Tuesday, July 19, 2011

Interpretive Dance

So I was reading My Utmost for His Highest, catching up on a few missed days, and one of Oswald Chambers' writings addressed Matthew 5:39 - the verse that says to turn the other cheek.  Chambers' message was one of exhibiting the Son of God in us, and is well taken.  But seeing that verse considered in a way that did not attempt to assess whether we are to take it literally or metaphorically was refreshing.

You see, it is common to hear Christians (and non-Christians) debating this verse at length - some say it means we should be always be pacifists and never support war, while others argue this is Jesus exaggerating, just kind of joking around, and his point is really more one of our willingness to be pacifists than that we should actually practice the words spoken.  But the rhetorical devices of this specific verse aren't what I want to talk about.

I get confused sometimes by the way we endlessly interpret or resist the interpretation of certain passages and verses, applying hermeneutics here and there to get a message that applies to modern culture, while insisting that some words in the Bible must be taken literally, and to read them any other way is an affront to God.  Some progressive or liberal Bible-readers who might insist that Matthew 5:39 is literal, and cause for us to protest modern warfare might also insist that Romans 1:26-27 or 1 Timothy 2 cannot be taken literally because they show outdated cultural thinking, the evidence of extreme patriarchy - after all, it was nothing but power hungry men who actually wrote these words down - so given the massive strides we've made culturally to establish equality in the eyes of God, women and gay people should be permitted places of authority in churches.

Literal here, hermeneutics there.

Or on the other hand, let's say a more conservative, traditional Bible-reader might see that Romans 1 and 1 Timothy 2 are plain and simple examples of God giving us direct instructions on how our communities should operate.  But when Jesus tells someone he must go sell all of his belongings and that it is easier to fit a camel through a needle than for rich people to enter the Kingdom of Heaven...well, that conservative, traditional Bible-reader can also see how obvious it is that Jesus is just making a joke!  Of course, it's some sort of cultural joke that we don't really understand anymore, but clearly we don't have to sell all of our belongings because isn't that such a funny image Jesus drew?  A camel squeezing through a needle, hahaha!  He was just messing with our heads a bit, making a lesson about how we all have to make sacrifices to follow Him.

So again, literal here, hermeneutics there.

At what point does the inconsistency of our approaches to Scriptural interpretation become hypocrisy?  I'm not making accusations here - I'm sincerely asking.  How do we avoid crossing that line and making ourselves look like Biblically illiterate individualists making the Bible say only what we want it to?  I suggest we start by acknowledging that inconsistency.  I'm sure some would read this and dismiss it, fully confident that when they read the Bible, they always approach it faithfully and prayerfully and that guides them to the right answers.  But when it comes to evangelism, it's not hard for attentive seekers and questioners to poke holes through your arguments if you're not even on the same page as yourself.  So let's take a minute, figure out how we want to read the Bible, and try to stick with it.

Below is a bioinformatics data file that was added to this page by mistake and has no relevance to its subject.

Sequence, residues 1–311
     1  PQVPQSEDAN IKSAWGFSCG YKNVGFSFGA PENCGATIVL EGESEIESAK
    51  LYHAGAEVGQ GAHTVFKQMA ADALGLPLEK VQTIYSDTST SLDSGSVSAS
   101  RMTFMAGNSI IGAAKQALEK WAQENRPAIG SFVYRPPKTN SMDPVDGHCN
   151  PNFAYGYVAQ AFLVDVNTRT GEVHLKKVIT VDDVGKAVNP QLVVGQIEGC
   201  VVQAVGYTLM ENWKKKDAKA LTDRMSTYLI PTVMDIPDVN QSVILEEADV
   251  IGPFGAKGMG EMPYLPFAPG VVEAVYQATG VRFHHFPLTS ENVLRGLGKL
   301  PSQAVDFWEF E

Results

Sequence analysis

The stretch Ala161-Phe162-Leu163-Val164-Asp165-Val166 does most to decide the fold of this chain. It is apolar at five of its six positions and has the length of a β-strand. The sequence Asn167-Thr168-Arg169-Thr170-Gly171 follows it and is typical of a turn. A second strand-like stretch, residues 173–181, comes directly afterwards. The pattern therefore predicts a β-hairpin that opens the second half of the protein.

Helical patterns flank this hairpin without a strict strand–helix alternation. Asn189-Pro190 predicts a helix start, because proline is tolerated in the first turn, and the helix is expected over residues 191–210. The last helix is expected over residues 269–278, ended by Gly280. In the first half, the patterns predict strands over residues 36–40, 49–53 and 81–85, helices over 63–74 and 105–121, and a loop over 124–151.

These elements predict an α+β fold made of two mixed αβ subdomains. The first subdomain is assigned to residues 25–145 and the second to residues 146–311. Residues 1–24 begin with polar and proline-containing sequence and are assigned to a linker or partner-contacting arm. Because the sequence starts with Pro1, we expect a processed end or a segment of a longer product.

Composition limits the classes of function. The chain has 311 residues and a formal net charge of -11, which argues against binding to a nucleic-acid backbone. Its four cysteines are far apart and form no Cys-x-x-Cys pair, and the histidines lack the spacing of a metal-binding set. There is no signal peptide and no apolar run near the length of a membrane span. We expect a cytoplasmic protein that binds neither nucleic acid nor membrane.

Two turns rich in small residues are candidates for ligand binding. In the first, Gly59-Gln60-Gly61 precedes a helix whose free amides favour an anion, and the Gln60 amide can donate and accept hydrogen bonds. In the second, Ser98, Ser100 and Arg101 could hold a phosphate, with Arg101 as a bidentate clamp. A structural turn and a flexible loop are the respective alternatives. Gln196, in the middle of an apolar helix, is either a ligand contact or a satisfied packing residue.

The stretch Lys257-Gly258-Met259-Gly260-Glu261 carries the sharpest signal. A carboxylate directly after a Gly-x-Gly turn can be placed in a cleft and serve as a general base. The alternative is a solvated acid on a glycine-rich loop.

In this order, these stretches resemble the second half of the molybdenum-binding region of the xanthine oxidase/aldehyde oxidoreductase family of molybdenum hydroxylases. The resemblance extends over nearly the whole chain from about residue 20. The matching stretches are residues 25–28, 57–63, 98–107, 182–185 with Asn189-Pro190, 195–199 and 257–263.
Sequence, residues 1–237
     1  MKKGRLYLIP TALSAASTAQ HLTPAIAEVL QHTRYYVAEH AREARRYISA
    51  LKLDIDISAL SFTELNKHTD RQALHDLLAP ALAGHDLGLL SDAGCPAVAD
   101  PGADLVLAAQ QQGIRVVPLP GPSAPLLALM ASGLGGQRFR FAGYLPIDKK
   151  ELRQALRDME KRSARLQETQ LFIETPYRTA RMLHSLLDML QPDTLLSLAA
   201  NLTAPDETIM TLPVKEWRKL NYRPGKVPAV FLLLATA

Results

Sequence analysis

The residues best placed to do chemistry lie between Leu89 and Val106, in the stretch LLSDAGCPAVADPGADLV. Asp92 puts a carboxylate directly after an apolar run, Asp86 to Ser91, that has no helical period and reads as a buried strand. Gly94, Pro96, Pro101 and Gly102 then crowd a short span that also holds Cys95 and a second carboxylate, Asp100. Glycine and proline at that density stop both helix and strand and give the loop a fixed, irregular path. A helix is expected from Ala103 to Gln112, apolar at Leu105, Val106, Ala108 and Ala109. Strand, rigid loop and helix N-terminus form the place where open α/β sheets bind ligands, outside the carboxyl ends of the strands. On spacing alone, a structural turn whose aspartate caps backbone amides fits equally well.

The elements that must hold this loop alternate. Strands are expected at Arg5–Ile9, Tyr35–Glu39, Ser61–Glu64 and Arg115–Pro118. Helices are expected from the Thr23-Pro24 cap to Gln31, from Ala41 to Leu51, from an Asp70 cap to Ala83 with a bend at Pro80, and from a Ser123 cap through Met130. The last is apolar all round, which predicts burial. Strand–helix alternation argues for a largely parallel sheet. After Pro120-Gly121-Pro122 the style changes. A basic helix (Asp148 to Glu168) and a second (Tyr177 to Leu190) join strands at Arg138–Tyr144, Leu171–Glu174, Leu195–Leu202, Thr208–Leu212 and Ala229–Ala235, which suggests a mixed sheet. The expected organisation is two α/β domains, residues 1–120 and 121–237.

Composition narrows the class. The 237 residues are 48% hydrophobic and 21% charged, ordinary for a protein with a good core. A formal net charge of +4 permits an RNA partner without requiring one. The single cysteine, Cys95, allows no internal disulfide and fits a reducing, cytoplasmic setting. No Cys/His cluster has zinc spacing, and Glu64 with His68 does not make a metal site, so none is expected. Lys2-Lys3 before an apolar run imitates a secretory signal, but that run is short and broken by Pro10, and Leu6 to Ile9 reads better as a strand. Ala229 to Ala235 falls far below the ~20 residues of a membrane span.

1. Couple things:

    One, I think that the Matthew 5 passage can be both literal and metaphorical. That is, I'm a pacifist when people are picking on me, but not when they're picking on the little guy. (In modern terms, "yes" to force against genocide, "no" to force to get more money, or whatever.)

    That's really beside the point of what you're trying to get at here, though. I understand the concern that inconsistency will make Christians look self-serving. But, call me a hippie liberal if you must, I believe that certain passages can genuinely mean different things to different people. That's not a call to interpret things in the way that's most comfortable to us, but recognizing that meaning is found somewhere between the text and the reader, in sacred meeting.

    I personally tend to lean toward a philosophy of "every command in context." (This doesn't always make it easier to follow them; sometimes the context makes the command even more difficult.) Oversimplification is, like inconsistency, a real danger that can do real damage to the faith.

  2. Kara,

    I absolutely agree that many passages can be literal and metaphorical - and I think that bring that sort of nuance to the table is vital, possibly never more so than we something just "seems perfectly clear" or whatever.

    And I agree that both the context of a passage and the context in which you are attempting to apply it can result in different meanings. So I think we're on pretty much the same page :)

    The concern I'm bringing up is what happens when people don't take a nuanced, contextual approach - basically, I feel like I see a lot of absolutism in Christianity nowadays, and frequently one person's absolutes don't always line up. I think we all need to bring a little more flexibility/openness when it comes to what scripture might be teaching us - otherwise we risk limiting God to the singularity of our own minds.

    Thanks for reading! (the only Kara I think I know is my cousin, and I'm not sure you're her - did you just stumble upon here somehow?)